Why Coal-to-Liquids is a Bad Idea

by Vickie Wolfe

We’re hearing a lot these days about so-called “clean coal” technologies, one of which is a process for producing liquid fuel for use in motor vehicles. The fact is, however, that of all the things that can be done with coal, this is the worst—for a number of reasons.

First, the process that produces liquid fuel from coal is only about 50 percent efficient, meaning that, in order to obtain 1,000 BTUs of usable fuel, about 2,000 BTUs must be invested. This makes coal-to-liquids (CTL) a very wasteful use of coal.

Because this process is so energy-intensive, the volume of greenhouse gases (GHGs) emitted is more than twice those emitted in the production and use of gasoline and diesel. Advocates of CTL propose to capture and store the GHGs that result from the production process. However, carbon capture and storage (CCS) is relatively new and untried, and is not expected to be viable for at least ten years. Even if CCS is successful, the liquid fuel produced from coal releases more GHGs when it is burned than do either gasoline or diesel.

Advocates of coal-to-liquid argue that it will decrease our country’s demand for foreign oil, which accounts for about 60 percent of our supply. There are, however, several problems with this argument. First, the new federal Energy Independence and Security Act of 2007 mandates that by 2020, U.S. automobiles, SUVs and light trucks must average 35 mpg—an increase of 40 percent. This increase in fuel economy eliminates about 2/3 of our foreign oil demand.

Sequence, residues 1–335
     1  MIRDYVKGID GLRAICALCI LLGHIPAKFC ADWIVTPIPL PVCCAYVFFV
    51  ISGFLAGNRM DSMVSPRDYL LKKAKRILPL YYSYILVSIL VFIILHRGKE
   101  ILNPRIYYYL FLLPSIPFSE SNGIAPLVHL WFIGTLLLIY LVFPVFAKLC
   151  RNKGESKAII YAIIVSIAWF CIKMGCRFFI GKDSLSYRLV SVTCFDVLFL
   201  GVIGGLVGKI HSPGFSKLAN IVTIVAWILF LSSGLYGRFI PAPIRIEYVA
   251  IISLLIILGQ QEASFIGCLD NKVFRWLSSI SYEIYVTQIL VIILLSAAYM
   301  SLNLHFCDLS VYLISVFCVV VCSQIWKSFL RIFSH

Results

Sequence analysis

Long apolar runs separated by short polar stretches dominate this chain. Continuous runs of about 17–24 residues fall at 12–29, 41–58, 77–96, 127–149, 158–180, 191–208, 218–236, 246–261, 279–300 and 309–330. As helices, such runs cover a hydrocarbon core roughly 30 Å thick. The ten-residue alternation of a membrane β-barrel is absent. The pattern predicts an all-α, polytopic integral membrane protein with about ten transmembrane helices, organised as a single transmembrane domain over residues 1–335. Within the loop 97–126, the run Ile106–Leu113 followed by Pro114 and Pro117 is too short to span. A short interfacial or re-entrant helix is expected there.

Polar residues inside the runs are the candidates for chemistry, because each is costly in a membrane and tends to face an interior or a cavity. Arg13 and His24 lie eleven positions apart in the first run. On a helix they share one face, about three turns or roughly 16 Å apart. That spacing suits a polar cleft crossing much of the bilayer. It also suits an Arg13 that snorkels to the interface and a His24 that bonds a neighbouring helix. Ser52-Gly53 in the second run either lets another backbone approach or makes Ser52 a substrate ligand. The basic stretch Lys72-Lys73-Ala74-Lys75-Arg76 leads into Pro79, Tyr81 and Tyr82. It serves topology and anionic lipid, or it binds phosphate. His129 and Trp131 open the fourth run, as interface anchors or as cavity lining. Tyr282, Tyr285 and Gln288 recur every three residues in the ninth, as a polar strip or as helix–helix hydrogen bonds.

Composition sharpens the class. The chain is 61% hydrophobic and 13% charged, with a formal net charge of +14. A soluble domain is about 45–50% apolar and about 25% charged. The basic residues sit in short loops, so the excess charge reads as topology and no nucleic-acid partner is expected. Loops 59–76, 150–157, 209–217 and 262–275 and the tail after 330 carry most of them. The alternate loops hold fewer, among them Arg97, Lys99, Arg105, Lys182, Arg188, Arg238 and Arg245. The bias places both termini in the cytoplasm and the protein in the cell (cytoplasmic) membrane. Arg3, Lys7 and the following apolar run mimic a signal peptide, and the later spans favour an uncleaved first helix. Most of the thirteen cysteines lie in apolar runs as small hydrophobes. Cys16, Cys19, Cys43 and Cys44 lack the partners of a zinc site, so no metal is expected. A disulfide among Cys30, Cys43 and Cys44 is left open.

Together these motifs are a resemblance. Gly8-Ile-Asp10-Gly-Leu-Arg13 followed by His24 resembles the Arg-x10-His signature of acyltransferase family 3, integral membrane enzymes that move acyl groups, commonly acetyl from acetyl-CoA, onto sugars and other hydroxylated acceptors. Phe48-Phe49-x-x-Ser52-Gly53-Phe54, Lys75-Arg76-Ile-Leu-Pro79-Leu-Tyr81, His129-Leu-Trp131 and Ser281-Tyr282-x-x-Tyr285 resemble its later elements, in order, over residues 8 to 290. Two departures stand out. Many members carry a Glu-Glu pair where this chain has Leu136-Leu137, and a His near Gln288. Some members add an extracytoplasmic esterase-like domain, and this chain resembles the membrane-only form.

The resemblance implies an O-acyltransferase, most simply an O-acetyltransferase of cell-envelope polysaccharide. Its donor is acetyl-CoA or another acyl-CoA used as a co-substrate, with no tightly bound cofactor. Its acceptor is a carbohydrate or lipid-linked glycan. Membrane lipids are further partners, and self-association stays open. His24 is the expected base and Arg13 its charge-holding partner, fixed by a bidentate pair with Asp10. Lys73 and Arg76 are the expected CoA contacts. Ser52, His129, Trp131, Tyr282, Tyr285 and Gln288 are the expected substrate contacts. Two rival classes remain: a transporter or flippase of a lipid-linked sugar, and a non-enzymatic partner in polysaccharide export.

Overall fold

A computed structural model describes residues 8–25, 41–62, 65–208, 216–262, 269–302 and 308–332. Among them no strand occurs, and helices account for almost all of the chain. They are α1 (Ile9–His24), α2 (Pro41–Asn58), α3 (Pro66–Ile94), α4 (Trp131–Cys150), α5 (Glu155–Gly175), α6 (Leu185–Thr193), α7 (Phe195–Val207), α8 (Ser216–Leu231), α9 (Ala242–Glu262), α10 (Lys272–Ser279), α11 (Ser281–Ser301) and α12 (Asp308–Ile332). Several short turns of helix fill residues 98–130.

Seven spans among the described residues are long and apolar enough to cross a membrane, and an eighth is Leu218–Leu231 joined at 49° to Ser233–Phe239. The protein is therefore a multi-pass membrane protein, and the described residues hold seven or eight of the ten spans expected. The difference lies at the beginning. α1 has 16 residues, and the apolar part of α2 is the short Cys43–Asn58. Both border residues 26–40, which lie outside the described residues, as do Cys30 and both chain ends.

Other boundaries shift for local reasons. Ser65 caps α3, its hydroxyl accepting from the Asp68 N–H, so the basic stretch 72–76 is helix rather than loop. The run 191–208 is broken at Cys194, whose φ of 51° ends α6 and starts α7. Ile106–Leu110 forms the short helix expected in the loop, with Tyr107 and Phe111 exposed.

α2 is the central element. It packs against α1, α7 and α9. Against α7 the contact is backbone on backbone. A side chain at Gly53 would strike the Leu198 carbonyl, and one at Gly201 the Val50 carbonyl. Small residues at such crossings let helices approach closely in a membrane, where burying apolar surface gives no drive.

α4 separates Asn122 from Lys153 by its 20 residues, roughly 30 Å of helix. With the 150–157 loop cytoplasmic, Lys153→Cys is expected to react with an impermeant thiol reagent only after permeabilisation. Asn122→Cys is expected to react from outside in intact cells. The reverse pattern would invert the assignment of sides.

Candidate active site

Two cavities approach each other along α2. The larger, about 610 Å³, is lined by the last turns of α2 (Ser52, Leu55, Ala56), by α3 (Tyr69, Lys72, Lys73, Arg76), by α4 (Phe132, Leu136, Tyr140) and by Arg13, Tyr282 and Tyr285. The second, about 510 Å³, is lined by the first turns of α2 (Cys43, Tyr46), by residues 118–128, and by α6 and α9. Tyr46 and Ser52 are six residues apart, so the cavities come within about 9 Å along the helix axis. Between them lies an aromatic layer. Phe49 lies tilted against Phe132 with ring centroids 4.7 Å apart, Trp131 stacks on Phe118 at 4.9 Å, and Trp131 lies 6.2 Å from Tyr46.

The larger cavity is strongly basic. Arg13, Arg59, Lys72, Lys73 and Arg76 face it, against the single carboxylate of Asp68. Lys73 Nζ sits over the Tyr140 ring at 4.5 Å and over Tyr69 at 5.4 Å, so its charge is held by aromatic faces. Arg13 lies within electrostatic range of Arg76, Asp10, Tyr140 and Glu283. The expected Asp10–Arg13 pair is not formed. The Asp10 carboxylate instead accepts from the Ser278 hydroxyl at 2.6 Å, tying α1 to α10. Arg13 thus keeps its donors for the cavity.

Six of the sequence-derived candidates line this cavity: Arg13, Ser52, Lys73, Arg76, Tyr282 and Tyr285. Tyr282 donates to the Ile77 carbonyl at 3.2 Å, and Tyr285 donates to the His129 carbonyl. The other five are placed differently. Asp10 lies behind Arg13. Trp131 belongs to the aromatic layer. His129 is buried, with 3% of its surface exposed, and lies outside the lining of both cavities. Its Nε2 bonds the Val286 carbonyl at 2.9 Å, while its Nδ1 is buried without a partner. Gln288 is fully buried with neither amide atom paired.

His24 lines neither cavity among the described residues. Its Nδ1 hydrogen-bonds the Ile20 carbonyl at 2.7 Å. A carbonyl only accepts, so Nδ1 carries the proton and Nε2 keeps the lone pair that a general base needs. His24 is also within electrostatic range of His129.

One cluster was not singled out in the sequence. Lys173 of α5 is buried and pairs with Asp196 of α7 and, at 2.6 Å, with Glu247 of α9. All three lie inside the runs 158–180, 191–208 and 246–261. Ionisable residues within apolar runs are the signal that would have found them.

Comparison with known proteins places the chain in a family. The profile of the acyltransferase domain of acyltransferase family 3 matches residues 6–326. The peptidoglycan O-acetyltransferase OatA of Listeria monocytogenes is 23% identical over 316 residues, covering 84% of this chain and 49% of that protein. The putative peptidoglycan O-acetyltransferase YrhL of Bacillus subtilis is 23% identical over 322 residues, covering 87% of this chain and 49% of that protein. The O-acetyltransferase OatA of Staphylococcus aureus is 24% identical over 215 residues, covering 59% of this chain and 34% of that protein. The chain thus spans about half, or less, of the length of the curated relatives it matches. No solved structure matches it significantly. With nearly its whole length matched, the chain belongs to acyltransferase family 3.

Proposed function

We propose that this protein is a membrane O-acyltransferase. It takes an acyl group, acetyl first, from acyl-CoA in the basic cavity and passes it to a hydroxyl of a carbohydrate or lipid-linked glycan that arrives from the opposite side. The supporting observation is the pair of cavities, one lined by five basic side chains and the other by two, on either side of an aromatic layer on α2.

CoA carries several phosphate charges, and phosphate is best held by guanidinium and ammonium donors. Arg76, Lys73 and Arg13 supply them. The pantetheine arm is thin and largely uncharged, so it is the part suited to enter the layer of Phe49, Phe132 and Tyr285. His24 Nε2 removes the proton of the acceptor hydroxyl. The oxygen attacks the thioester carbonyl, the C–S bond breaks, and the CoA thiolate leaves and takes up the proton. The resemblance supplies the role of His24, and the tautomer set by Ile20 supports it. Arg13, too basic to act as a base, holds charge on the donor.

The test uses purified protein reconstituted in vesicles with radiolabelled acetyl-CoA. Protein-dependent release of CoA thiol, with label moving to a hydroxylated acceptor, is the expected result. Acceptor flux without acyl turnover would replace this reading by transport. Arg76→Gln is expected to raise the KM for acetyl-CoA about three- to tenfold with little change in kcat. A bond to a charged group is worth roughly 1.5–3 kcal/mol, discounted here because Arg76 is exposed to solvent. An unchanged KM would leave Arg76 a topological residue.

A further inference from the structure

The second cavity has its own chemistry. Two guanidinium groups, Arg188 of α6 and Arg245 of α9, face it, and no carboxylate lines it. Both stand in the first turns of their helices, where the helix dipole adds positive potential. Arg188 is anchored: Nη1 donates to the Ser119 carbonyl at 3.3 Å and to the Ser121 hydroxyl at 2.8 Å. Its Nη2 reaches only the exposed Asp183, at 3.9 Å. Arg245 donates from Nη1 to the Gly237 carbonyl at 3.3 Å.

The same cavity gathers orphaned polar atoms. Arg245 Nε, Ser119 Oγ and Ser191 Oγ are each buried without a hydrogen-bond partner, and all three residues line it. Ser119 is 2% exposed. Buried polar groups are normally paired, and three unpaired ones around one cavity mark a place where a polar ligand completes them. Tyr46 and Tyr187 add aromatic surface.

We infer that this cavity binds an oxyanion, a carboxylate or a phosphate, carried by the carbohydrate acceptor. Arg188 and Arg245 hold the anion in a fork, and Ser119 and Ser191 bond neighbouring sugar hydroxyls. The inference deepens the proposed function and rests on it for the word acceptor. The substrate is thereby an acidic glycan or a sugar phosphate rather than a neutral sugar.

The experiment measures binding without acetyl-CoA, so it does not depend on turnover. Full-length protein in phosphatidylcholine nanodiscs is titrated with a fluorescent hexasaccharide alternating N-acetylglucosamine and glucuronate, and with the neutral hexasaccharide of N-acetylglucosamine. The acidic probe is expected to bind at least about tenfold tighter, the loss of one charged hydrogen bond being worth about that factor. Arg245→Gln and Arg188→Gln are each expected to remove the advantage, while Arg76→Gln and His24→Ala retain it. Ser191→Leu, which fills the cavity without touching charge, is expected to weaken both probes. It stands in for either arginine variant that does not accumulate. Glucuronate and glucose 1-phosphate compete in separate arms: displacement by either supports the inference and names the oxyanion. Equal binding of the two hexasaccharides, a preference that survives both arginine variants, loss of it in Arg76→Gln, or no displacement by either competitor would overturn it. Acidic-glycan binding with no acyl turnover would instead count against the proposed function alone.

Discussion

Second, our largest foreign supplier of oil is not an unstable Middle Eastern country, but rather is Canada, with which the U.S. enjoys an excellent relationship.

A third problem with the “energy independence” argument is that CTL simply is not the best way to achieve this objective. The National Coal Council itself found that burning the same amount of coal to produce electricity to power plug-in hybrid cars would replace twice as much oil without generating nearly as much greenhouse gas. Plug-in hybrids are on the way; General Motors’ Volt is scheduled to be available in 2010. Other models may be available even sooner.

If West Virginia does get into the coal-to-liquids business, one result will be an increased demand for coal. This means more mountaintop removal, which West Virginians oppose by a margin of at least 2:1, according to polls.

The CTL process uses huge volumes of water, which is West Virginia’s most precious resource and one that will doubtless become even more precious in the future.

Finally, if producing liquid fuels from coal were a sound economic proposition, the private sector would already be doing it. In a world so threatened by climate change, investing taxpayer funds in any type of carbon-based energy is questionable at best. In the case of CTL, which is plagued with all the problems outlined above, it is ludicrous.

Dr. Vickie Wolfe teaches biology at Marshall University and occasionally writes for the
WV Environmental Council, www.wvecouncil.org

Permission for use is granted only when the column is used in its complete
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